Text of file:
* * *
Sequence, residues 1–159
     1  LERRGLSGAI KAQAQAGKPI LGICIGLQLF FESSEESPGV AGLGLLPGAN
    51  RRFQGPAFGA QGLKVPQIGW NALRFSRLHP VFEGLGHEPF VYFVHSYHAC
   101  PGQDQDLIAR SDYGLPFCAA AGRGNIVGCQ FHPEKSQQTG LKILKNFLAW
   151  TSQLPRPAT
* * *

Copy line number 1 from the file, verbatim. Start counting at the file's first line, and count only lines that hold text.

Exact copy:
Sequence, residues 1–159